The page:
Forest Insect Defoliators
Pine Sawflies
Neodiprion spp., Zadiprion spp.

Hosts:  Ponderosa pine, piñon

Figure 27. Figure 27. Adult female pine sawfly (Neodiprion spp.) oviposting on ponderosa pine.

Symptoms/Signs:  Pine sawfly larval appearance varies by species and by larval instar, but most are green or yellowish green in color with black, tan or orange head capsules. Larvae are found in either spring-summer or fall-winter feeding gregariously on older foliage, consuming only the outer needle tissue while leaving the central ribs intact. The central ribs later turn yellow brown and break off. Later instar larvae feed singly and consume most of the needle. Eggs are laid in slits cut in the edge of living pine needles. A papery cocoon covers the pupae. Adults are broad waist wasps. Infested trees have sparse foliage and thin crowns.

Figure 28. Figure 28. Needle with row type egg cluster and newly hatched pine sawflies on ponderosa pine.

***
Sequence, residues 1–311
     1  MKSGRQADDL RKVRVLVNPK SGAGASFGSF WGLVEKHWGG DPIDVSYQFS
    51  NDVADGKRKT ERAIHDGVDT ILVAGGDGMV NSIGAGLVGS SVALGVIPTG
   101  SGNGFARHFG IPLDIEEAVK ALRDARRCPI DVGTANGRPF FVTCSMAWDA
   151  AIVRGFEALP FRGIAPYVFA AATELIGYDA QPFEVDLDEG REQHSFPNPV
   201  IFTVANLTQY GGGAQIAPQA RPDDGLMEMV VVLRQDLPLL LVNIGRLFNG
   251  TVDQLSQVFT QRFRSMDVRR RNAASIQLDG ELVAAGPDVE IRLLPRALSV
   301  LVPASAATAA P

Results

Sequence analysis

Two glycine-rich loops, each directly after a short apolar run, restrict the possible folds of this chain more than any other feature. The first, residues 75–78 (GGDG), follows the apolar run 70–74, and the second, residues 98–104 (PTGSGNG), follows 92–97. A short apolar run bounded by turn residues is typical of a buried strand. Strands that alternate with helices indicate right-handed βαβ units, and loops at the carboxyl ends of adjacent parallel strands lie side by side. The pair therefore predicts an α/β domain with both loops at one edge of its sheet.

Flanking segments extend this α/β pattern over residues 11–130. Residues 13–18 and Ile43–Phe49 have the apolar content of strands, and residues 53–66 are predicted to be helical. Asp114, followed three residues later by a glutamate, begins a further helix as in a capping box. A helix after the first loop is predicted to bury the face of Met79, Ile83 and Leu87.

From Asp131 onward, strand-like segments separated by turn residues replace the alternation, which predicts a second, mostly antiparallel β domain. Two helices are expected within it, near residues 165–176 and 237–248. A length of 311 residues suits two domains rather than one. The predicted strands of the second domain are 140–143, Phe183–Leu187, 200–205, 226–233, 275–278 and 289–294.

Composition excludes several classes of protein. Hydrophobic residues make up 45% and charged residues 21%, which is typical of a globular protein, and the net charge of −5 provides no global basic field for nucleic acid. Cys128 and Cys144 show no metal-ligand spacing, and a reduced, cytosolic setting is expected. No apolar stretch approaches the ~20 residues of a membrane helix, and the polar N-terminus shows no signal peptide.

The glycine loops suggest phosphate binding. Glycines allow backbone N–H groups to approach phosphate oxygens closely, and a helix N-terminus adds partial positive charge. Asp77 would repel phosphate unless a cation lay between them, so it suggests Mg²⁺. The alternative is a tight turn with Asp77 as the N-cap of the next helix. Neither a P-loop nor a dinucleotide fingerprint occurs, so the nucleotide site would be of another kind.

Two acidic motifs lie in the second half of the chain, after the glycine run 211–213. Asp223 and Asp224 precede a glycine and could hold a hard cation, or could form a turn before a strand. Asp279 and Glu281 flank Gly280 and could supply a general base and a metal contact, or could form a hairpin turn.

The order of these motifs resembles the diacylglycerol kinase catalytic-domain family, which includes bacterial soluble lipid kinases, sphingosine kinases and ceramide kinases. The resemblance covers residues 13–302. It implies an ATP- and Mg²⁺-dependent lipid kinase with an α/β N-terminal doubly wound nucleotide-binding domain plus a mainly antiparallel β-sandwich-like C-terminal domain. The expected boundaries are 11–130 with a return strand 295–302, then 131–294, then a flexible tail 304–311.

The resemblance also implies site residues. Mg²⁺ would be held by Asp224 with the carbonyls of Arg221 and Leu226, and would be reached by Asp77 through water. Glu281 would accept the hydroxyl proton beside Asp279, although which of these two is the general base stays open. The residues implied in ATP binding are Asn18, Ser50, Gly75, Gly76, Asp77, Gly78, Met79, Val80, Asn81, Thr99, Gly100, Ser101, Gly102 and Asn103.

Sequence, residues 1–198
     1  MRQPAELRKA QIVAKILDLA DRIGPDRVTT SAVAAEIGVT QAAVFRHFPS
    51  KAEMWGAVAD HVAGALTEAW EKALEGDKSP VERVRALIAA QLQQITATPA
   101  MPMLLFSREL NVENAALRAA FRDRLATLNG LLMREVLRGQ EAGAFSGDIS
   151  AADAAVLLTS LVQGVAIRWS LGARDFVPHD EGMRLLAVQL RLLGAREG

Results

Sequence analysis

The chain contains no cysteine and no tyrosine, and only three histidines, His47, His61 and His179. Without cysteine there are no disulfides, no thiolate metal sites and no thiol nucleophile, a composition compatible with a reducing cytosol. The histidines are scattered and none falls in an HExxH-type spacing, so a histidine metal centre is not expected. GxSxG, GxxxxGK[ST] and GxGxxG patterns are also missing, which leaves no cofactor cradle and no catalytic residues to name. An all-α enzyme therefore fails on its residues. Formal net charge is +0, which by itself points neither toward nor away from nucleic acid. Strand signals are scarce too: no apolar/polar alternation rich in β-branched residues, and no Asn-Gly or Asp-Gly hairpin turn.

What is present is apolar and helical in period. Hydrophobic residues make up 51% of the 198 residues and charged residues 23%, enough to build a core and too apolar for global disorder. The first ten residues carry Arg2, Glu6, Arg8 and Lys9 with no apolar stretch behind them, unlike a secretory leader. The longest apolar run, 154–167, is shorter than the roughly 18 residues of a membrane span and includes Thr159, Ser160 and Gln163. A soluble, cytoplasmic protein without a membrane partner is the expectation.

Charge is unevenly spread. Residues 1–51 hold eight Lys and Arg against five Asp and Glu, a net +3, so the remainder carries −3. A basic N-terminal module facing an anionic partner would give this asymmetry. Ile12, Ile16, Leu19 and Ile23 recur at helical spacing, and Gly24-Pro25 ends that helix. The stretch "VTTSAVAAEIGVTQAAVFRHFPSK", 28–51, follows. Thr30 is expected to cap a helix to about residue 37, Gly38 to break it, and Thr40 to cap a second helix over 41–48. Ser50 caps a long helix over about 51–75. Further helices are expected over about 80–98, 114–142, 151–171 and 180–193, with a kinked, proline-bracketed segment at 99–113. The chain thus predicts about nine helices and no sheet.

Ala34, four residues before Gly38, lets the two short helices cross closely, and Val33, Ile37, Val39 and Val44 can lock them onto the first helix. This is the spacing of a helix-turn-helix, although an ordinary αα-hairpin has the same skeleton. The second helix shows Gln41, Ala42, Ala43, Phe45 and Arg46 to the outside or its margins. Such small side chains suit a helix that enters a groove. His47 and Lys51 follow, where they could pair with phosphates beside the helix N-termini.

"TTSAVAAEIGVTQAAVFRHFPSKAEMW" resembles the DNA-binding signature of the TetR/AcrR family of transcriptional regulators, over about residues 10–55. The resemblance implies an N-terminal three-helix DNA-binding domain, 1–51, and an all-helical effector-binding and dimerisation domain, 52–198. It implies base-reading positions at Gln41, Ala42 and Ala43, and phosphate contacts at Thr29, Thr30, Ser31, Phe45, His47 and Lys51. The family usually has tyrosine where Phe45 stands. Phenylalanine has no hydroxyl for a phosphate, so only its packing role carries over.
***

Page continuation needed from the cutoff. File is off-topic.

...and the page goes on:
Effects:  Eight species of sawflies infest pines in the Southwest, five of those are found on ponderosa pine. Different species have different preferences for the size of host attacked, and location on the host where they feed. Pine sawflies in the Southwest typically attack open-grown trees or areas where pine is growing at a low density. The same trees are frequently defoliated year after year. In general, defoliation causes slower growth. Repeated defoliation can result in top-kill and tree mortality.

Similar Insects and Diseases:  See pandora moth and pine butterfly.

References:  12, 19, 24, 64, 67, 69

Figure 29. Figure 29. Late instar of Neodiprion gilletei feeding on ponderosa pine.
Figure 30. Figure 30. Zadiprion rohewri larvae on pi˜on pine. Note the regurgitated resin droplets that are sued as a defense mechanism against attacking predators and parasitoids.
Figure 31. Figure 31. Late instar larva of Zadiprion townsendii feeding on ponderosa pine.
Figure 32. Figure 32. Pine sawfly defoliation of ponderosa pine needles showing both early and late instar feeding.